WITH his dreadlocks, big smile and even bigger belly, Mpho Molepo has become one of the most recognisable characters on TV. Yet even though he’s been in some of the most popular TV shows it’s 31-year-old Mpho’s role as the jovial Fats on Rhythm City that has turned him into a legend in our living rooms.
His dad and co-star, on the other hand, always seems to end up playing unlikeable guys – and Rhythm City is no exception. Arthur Molepo (61) plays crooked local government official Sydney Shabalala, and the veteran actor can add that to the thug, prison warder and angry policemen he’s played in big-name movies such as Mapantsula, Hijack Stories and Orlando.Many will also remember him as Busang, the black sheep of the family in Generations. We decided to get father and son together for a chat at a restaurant in Newtown, central Jozi…
So, Arthur, are you really as scary as you seem on TV?
Not at all. People expect me to be all strict and serious but once they get to know me they realise I actually make people laugh.
Mpho Ja, like the time I saw him on stage for the first time. I was only three years old and it’s actually my earliest memory – there was my dad up on stage in an apron, wearing a doek!
Arthur Oh yes, it was a show called Dikichining and I played a domestic worker!
Your Rhythm City character, Sydney, isn’t funny, is he Arthur? He’s a real shark.
Well, he isn’t very likeable but he’s real – people like that do exist. I don’t really mind which characters I play; my intention is just to bring each one to life.
And Fats has become a household name. What’s it like playing him, Mpho?
Well I’ve been playing Fats since 2007, so I know the character well. He’s fun to play because he makes a lot of people laugh. I don’t really consider myself much of a comedian though. I was in a store one day and a guy followed me around asking me to make him laugh like I do when I play Fats. He told me he and his wife rush home every day to watch me. I explained I wasn’t at work – I don’t make jokes for free!
What set off the acting spark?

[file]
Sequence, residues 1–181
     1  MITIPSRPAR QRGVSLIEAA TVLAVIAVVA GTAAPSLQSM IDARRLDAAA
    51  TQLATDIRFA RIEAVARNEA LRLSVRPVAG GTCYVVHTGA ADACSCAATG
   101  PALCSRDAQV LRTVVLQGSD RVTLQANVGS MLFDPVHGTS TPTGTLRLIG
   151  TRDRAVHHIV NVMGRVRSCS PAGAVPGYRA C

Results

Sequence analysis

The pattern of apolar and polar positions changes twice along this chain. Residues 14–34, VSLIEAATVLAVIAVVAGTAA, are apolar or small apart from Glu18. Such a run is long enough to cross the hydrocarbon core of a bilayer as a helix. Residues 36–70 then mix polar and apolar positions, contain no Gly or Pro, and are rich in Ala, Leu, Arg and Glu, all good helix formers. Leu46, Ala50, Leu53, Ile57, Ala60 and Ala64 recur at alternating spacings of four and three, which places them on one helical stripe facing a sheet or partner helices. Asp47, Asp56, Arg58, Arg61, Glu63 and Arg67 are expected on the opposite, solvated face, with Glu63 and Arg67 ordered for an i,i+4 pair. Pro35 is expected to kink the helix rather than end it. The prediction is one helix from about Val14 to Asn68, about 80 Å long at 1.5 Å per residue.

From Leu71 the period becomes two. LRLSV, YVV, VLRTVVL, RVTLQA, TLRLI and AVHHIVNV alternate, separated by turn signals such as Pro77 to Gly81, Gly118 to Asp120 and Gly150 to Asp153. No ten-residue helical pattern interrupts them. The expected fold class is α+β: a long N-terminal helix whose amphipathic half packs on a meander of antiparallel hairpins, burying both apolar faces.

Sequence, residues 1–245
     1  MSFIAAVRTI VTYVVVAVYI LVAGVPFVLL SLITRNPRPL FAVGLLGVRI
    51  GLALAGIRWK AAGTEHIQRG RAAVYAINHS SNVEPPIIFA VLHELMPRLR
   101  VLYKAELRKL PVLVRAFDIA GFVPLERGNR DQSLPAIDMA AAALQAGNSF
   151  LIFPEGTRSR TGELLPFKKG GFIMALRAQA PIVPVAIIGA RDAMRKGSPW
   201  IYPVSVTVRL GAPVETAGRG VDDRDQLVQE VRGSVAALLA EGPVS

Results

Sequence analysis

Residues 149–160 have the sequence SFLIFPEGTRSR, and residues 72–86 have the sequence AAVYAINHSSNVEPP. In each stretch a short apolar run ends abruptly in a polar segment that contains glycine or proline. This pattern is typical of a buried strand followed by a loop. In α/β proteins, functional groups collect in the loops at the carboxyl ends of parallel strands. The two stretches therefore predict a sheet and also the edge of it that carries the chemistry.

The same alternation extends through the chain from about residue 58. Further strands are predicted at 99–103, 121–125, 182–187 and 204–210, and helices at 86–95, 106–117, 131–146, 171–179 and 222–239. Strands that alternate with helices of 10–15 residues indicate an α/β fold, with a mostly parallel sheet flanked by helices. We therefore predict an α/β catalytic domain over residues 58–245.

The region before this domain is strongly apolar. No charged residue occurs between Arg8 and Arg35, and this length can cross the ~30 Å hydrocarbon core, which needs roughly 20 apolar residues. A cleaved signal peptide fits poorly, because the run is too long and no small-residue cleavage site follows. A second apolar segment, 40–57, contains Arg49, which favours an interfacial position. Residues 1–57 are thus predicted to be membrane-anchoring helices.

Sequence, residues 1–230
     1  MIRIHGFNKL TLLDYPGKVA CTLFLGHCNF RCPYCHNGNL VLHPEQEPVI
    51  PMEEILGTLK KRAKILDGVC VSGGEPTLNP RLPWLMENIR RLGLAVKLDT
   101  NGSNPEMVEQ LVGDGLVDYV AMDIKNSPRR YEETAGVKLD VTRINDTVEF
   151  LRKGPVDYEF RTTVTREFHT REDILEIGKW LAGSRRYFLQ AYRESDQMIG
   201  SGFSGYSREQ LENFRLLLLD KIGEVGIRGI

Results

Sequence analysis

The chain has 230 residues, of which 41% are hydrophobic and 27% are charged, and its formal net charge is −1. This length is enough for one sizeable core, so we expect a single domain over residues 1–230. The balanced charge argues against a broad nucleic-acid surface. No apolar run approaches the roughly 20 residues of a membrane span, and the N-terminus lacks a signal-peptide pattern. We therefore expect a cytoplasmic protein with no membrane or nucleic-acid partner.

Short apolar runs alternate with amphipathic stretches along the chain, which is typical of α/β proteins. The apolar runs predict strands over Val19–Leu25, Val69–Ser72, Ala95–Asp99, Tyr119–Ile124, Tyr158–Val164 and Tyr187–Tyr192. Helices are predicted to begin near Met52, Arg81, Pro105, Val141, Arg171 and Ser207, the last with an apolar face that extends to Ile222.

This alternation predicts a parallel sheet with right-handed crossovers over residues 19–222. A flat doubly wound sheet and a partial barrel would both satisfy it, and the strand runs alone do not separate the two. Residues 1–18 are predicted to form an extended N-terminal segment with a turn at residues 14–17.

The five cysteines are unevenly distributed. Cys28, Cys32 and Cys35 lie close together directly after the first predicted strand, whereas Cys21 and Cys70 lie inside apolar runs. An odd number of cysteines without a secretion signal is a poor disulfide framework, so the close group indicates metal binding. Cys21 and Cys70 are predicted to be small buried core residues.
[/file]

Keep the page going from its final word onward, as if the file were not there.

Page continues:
Arthur For me, it took me quite by surprise when I was at Madibane High School in Soweto and cast as the thug Casca in Julius Ceasar. I fell in love with theatre. After matric I found a job at a transport company but I spent most of my time hiding away, reading scripts. After work I’d go to the Wits Theatre and rehearse or perform. I couldn’t keep it up and eventually had to quit my job to act full time.
Mpho I grew up in theatres, as my father took me to rehearsals, so after matriculating from the National School of the Arts in Jozi I was set for a career on the stage. The arts world is the only thing I know.
Did you encourage your son to go into the performing arts, Arthur?
Not really. If I could have chosen a career for Mpho it wouldn’t have been acting. But I did give him his first break when he was at school – I was directing a play and asked him to perform a song for the production. I shouldn’t have paid him that R500 because he didn’t have to do anything. He just sang a song I composed. Haai man!
Mpho My father used to tell me the entertainment industry was tough. He discouraged me at first but he still managed to give me the best in life. I was the first among my friends to have a computer game and sometimes it was difficult to understand why he said it was tough in this industry.
Well, is it a tough industry?
Arthur Yes, of course – it’s a struggle to get ahead. You don’t know if you’ll get the next job. You do it because you love it; I’ve had some wonderful years and I’ve seen a lot. There was a period when I toured so much that for six years I never saw a winter. I was doing plays in America during their summer and then I would come back home and perform here during our summer.
How about you, Mpho? You’ve been in Soul City, Tsha Tsha and Stokvel as well as many stage plays.
Yes, I’ve been fortunate. I’ve travelled too, although not as much as Dad. I play a jailed drug dealer, Digger, in Zone 14 and I’m busy with my theatre production company, so there isn’t time for travel right now.
Read the full article in DRUM of 14 October 2010